Scientific Method FAQs:


Q: Is a scientific method a body of techniques for investigating phenomena?

A: Yes, and acquiring new knowledge, or correcting and integrating previous knowledge.

Q: Is a scientific method often presented as a fixed sequence of steps?

A: Yes, and it represents rather a set of general principles.

Q: Is a scientific method not a single recipe: it requires intelligence?

A: Yes, and imagination, and creativity.

Q: Is a scientific method thus what make it well suited for identifying such persistent systematic errors?

A: Yes.

Q: Is a scientific method iterative?

A: Yes.

Q: Is a scientific method the process by which science is carried out?

A: Yes.

Q: Is a scientific method best suited to theoretical research, which in turn should not be trammeled by the other methods and practical ends?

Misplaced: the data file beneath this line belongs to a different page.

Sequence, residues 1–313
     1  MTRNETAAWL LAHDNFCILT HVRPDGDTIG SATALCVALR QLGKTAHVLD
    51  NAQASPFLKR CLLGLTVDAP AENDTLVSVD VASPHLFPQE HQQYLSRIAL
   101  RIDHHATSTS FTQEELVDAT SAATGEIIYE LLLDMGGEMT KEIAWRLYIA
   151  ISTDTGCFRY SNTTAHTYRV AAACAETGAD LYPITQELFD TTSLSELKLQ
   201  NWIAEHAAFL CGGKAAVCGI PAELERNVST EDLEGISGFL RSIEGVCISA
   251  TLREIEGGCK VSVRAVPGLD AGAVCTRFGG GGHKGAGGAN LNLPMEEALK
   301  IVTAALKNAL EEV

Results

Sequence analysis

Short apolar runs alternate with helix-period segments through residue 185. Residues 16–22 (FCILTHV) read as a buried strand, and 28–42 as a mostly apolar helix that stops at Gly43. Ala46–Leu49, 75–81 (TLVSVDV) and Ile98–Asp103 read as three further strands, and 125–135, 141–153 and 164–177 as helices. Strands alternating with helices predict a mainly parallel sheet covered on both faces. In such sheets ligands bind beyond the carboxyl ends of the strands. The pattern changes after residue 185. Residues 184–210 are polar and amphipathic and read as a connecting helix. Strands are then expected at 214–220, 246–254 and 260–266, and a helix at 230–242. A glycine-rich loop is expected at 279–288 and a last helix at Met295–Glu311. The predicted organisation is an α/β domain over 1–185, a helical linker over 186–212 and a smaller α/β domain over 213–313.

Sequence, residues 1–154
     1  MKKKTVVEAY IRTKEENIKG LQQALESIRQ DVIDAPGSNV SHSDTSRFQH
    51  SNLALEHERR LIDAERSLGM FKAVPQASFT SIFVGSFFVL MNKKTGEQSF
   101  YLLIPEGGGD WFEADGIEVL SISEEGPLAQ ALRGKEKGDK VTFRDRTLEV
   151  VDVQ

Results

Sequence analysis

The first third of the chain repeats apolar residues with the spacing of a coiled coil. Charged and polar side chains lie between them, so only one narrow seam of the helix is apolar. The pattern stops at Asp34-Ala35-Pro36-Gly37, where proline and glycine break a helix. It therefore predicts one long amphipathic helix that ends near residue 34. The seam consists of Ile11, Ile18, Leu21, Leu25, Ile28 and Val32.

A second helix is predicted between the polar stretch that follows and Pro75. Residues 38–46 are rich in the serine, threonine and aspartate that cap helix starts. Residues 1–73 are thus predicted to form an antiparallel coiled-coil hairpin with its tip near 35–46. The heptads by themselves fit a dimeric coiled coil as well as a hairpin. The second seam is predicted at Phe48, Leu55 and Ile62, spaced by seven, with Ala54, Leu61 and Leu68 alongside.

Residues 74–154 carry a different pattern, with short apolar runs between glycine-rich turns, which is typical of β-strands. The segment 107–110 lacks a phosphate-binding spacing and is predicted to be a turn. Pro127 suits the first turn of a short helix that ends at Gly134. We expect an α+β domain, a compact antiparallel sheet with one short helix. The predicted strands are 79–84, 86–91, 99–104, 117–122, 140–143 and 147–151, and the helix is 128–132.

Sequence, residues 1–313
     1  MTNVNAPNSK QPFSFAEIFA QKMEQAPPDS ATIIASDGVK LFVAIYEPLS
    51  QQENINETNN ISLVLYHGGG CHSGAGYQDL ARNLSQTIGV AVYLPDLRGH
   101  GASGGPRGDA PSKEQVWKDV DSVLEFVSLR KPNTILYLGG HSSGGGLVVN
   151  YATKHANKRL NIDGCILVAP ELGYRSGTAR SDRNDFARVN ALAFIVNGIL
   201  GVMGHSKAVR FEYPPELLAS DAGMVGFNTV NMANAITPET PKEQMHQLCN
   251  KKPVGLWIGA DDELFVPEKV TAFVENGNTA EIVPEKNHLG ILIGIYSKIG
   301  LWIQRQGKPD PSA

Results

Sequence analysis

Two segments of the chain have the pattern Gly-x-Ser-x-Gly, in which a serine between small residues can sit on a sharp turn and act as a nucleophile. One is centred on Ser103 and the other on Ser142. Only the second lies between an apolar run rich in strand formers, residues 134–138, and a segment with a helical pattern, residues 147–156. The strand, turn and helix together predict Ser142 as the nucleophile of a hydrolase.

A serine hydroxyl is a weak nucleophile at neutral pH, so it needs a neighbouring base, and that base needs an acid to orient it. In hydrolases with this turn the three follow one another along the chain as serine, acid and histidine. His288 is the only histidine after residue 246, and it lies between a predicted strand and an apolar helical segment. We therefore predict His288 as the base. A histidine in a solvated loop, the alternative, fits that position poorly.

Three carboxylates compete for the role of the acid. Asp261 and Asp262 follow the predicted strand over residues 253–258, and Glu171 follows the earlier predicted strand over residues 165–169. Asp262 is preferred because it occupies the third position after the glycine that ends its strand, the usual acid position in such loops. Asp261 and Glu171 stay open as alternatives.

A: Yes, reason's "first rule" is that, in order to learn, one must desire to learn and, as a corollary, must not block the way of inquiry.

Q: Is a scientific method an iterative?

A: Yes, and cyclical process through which information is continually revised.

Q: Is a scientific method more than resistant or tough – it actually benefits from such randomness in many ways?

A: Yes, Taleb believes that the more anti-fragile the system, the more it will flourish in the real world.

Q: Is a scientific method used to expand the frontiers of knowledge?

A: Yes, and research into areas that are outside the mainstream will yield most new discoveries.

Q: Is a scientific method often presented as a fixed sequence of steps?

A: Yes, and these actions are better considered as general principles.

Q: Is a scientific method subject to peer review for possible mistakes?

A: Yes.

Q: Is a scientific method yester-year's debate?

A: Yes, and the continuation of which can be summed up as yet more of the proverbial deceased equine castigation.

Q: Is a scientific method employed not only by a single person?

A: Yes, but also by several people cooperating directly or indirectly.